PFMCD018

Tom McNalley Trio: Tom McNalley Trio (PFMCD018)

$10.00


Tom McNalley Trio

Tom McNalley: guitar
Jonas Tauber: bass
Ken Ollis: drums

1) Reddog 18:32
2) Orange Needle Society 13:53
3) ZHE 14:34
4) Mourned 9:54
5) Gallery 421 7:30
6) Loss 8:01
Total Playing Time: 72:24

All compositions by Tom McNalley, (C)2004 Tom McNalley Music, ASCAP
Recorded at Cappos Cafe, 10.6.03 by Keegan Quinn
CD mastering, art design, and layout by Jeff Kaiser
Photographs by Jonas Tauber and Tom McNalley

After getting the initial version of this CD, I sent copies to several people to see what they thought. One was my friend, author and music critic Richard Meltzer. He called and said that he loves the CD – very much, in fact – and if I wanted liner notes, he would write them. Naturally, and with gratitude, I took him up. — Tom McNalley
******

Hey, listen — I got something important to tell you:

Tom McNalley is the youngest Great Musician I’ve ever encountered.

Great! Amazing! To put things in even partial perspective, the last young’un anywhere near as adept and inventive and passionately original was probably David Murray, pre-WSQ, back when he was still a ferocious motherfucker.

Tom McNalley IS a ferocious motherfucker. By turns savage and tender — a killer and healer — nutso and nutty, then logical/lucid as Jerkoff Sebastian Bach, his playing is as hotly/coolly/sanely/madly a-dance and a-prance (at peace-and-war) with abstract notions as it is with direct emotional one-on-one — “interest” and “feeling” existentially melded (no mean feat) — “jazzy” in the least jaded, least guitar-baggaged, most mammal-elegant sense, while partaking EQUALLY of the dirty screaming scuzz of postwar blues and rock rock rock and roll…fuggit.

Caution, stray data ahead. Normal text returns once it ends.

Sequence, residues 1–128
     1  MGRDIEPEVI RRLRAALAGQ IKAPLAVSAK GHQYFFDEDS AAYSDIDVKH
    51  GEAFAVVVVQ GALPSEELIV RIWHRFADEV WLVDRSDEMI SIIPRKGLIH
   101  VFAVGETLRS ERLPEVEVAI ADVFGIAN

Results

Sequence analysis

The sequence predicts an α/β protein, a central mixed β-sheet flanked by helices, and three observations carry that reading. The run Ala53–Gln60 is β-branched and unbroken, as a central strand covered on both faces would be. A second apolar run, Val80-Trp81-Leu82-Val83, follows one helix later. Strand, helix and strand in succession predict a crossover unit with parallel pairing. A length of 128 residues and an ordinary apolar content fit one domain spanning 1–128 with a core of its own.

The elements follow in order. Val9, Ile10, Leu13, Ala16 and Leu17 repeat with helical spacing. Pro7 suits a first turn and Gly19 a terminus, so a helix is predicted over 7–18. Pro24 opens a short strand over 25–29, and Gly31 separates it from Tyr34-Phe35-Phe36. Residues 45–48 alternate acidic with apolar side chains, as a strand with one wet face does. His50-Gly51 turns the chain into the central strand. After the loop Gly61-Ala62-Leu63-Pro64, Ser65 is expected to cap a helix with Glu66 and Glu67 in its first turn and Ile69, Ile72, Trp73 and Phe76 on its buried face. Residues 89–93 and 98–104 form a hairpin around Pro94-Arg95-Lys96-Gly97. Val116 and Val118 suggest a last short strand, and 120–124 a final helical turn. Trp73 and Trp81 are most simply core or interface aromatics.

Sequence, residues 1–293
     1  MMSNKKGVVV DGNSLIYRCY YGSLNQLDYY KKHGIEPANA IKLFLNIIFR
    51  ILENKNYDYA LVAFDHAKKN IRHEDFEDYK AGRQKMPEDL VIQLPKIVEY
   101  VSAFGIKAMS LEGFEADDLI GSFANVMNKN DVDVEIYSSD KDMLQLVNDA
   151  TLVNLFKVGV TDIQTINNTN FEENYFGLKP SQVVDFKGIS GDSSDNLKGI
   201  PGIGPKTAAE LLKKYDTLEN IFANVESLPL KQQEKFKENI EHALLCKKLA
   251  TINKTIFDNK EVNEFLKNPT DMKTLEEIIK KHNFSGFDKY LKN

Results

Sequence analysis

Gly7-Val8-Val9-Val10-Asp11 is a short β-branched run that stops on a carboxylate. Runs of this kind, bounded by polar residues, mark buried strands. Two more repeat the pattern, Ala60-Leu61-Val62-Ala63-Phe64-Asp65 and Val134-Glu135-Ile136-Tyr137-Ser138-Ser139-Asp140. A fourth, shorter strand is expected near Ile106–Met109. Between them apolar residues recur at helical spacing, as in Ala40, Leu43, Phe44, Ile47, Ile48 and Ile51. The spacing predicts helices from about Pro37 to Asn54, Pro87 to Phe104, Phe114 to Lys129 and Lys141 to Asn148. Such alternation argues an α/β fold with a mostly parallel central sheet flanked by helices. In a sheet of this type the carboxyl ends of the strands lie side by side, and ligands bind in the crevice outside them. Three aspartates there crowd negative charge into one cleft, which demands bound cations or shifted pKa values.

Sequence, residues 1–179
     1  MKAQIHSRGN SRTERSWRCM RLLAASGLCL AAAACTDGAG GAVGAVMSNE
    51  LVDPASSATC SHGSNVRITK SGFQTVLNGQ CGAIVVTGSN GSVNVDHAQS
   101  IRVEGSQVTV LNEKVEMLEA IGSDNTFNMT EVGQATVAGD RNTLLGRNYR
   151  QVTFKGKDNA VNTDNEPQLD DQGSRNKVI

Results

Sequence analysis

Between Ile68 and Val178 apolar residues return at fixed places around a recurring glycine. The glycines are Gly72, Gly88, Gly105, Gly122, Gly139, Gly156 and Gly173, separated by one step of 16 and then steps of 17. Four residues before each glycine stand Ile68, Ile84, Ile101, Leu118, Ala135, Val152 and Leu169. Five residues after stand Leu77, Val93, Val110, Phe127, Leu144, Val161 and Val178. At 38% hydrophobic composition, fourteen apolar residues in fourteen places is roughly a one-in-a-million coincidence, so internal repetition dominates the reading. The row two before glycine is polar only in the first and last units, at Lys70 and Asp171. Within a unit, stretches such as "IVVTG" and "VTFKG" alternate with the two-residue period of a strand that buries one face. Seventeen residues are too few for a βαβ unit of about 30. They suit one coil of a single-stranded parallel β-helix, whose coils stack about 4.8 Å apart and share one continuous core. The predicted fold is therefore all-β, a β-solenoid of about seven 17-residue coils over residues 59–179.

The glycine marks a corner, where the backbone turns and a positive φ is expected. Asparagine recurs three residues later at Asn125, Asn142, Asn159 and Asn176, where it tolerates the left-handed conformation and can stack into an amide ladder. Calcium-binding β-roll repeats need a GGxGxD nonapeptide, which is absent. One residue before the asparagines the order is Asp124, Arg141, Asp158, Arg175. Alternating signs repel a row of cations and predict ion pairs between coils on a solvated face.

Sophisticated beyond its maker’s 21 years, Tom’s music spins, spills and spits forth whole vast sonic WORLDS (pardon my French), but if you’re lookin’ to hear Other Guitarists in his playing, well, you won’t hear other guitarists in his playing. Okay, splashes and soundings maybe — f’r sure he’s picked up “things” from Hendrix, McLaughlin, Sharrock, Nels Cline, Derek Bailey, Alberts Collins and King — but rarely anything as explicit as a borrowed “idea,” a riff, even a lick.

“I’ve never been lick-oriented,” says Tom. “I’ve tried to develop a sense of melody that will serve me, that’ll do me some good, and I always like to see how others handle it, but not through their licks.”

By “melody,” um, you mean tunes? Tunefulness?

“No, more like just the basis for telling a story — the unique and individual approaches of players I admire, the ones who seem to be emotionally honest, who have the chops to communicate directly and honestly. Most aren’t even guitarists. Rob Blakeslee is and has been very important to me, seeing how he makes the music that is his — the concepts he brings to his trumpet playing.

Ayler…Braxton…Charlie Parker, certainly — but not for anything to do with ‘bebop.’ Bebop as such has very little meaning to me.”
And what is the importance, the weight in the equation, of “free”?

“In a sense, I view composition as no more than a set of instructions for the band. There are things I want to happen, but they’re general. I like looseness — flexibility — so the music can go anywhere. In some cases there’ll be a written line, but usually no more than a suggestion of bass line, rhythmic groove, things like that. Half the tunes in this set, on this recording, are freely improvised — completely — there’s no written or suggested anything. Even the stuff that sounds written is very spur-of-the-moment. In real time, not trying to play to a pre-existent notion, but at the same time going for and building a musical totality, the players communicated the compositions to each other. We just played and listened.”

Played and listened: dig it!

Look, I don’t wanna make with the ultra-superlatives again — well, maybe I do — but this here album, on which Tom, bassist Jonas Tauber and drummer Ken Ollis explore, with extreme malice (and extreme care and definitude), the MYSTERY OF INTIMACY — stripmine it — achieve near-total communion — is to my ears the HOTTEST debut alb by a guitar guy & co. since Are You Experienced? Hendrix. Before you were born (that’s how old I am).